UNRWA was, and still is, unable to provide full protection, or even humanitarian assistance to Palestinian refugees from Syria. Firstly, UNRWA argued that the allotted services to Palestinians in Lebanon, which have a specific budget, were already deficient and could not bear any additional burden. Moreover, the assistance to Palestinians within Syria had been given priority, given the danger of areas of confrontation relative to other areas. Due to this, the already deficient budget allotted to them had been redirected to provide for the enormous exigencies of internal displacement. The budget could not be used to support the refugees in Lebanon, since the existing budget for those within Syria had become more urgent. Displacement of Palestinians within Syria reached 235,000 refugees in 2013, according to an estimate put out by UNRWA in May of that year.[9] Finally, UNRWA claims that it issued several calls for funding its budget, but the incoming funds were funneled towards Syrians, and UNRWA did not receive but small amounts, which had already been distributed amongst the refugees over a protracted period of time.

However, UNRWA provided some services regarding emergency situations of forced displacement, and it continues to maintain that it is only an aid organization, not in charge of the entire Palestinian cause. Moreover, UNRWA contacted the Lebanese General Security forces to extend the residency of Palestinians displaced from Syria, and has provided very small monetary payments to individuals, and absorbed an equally small number of Palestinians in its schools. As a result, UNRWA needs to cooperate with the Lebanese government sharing the burden regarding Palestinian refugees, based on the agreements reached at the International Conference on Displaced Persons that took place in Kuwait in February 2012.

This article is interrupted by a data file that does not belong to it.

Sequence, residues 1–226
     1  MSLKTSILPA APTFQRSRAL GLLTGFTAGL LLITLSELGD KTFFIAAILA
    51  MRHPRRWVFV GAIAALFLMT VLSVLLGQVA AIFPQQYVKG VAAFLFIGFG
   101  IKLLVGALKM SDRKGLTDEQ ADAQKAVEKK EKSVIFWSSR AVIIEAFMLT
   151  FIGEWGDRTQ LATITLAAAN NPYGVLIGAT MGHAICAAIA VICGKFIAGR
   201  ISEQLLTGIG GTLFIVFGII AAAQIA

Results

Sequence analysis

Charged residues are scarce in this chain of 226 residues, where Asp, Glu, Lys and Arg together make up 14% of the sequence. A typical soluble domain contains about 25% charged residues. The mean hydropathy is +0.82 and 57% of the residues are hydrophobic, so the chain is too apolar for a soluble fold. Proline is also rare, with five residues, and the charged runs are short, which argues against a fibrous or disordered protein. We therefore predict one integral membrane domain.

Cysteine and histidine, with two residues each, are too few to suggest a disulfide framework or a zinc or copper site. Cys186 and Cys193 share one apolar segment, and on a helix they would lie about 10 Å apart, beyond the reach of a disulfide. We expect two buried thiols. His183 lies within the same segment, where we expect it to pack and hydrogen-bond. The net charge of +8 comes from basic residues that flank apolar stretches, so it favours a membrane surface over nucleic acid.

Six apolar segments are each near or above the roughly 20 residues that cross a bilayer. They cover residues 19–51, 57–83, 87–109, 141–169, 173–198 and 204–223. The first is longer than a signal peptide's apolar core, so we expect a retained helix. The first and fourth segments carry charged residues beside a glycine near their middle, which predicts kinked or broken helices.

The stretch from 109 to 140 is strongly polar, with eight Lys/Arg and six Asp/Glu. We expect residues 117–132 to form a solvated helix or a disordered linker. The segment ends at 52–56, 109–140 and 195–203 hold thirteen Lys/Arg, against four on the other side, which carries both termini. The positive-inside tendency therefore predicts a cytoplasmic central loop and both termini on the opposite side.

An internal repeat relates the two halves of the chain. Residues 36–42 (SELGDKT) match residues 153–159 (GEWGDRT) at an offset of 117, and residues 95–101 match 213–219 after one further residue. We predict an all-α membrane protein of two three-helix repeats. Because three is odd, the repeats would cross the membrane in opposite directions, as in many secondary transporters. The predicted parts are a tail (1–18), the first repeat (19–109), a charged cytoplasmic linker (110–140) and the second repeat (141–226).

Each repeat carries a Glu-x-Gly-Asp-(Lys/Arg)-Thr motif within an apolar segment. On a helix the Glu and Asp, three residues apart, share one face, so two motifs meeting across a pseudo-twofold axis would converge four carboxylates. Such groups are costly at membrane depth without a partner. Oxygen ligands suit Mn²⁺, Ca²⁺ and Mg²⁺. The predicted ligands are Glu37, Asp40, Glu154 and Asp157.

UNRWA issued several statements saying it would grant the Palestinian refugees from Syria the same treatment given to the Palestinians in Lebanon. These reports did not take into account that most of the Palestinians in Lebanon struggle daily and call upon UNRWA to grant them the most basic levels of treatment and hospitalization.[10] It also ignored the meager health capabilities of UNRWA’s clinics, the lack of even the most basic of treatments; the fact that hundreds of Palestinian families from Syria were forced to beg for treatment at the doors of public and private hospitals, to no avail; and the decreasing capabilities of the Palestinian Red Crescent Society’s hospitals as well.